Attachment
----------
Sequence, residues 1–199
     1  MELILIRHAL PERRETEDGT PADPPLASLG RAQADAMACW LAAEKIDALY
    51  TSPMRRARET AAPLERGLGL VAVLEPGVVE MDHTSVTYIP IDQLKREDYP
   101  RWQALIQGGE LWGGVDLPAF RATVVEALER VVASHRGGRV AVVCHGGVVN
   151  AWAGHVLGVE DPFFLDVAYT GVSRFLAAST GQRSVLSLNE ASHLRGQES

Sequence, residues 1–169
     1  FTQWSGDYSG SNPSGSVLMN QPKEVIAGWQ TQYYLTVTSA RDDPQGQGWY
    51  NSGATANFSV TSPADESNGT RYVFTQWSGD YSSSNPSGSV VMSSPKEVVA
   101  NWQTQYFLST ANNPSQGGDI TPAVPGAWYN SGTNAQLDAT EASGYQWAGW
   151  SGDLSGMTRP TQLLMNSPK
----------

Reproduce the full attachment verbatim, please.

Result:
Sequence, residues 1–199
     1  MELILIRHAL PERRETEDGT PADPPLASLG RAQADAMACW LAAEKIDALY
    51  TSPMRRARET AAPLERGLGL VAVLEPGVVE MDHTSVTYIP IDQLKREDYP
   101  RWQALIQGGE LWGGVDLPAF RATVVEALER VVASHRGGRV AVVCHGGVVN
   151  AWAGHVLGVE DPFFLDVAYT GVSRFLAAST GQRSVLSLNE ASHLRGQES

Sequence, residues 1–169
     1  FTQWSGDYSG SNPSGSVLMN QPKEVIAGWQ TQYYLTVTSA RDDPQGQGWY
    51  NSGATANFSV TSPADESNGT RYVFTQWSGD YSSSNPSGSV VMSSPKEVVA
   101  NWQTQYFLST ANNPSQGGDI TPAVPGAWYN SGTNAQLDAT EASGYQWAGW
   151  SGDLSGMTRP TQLLMNSPK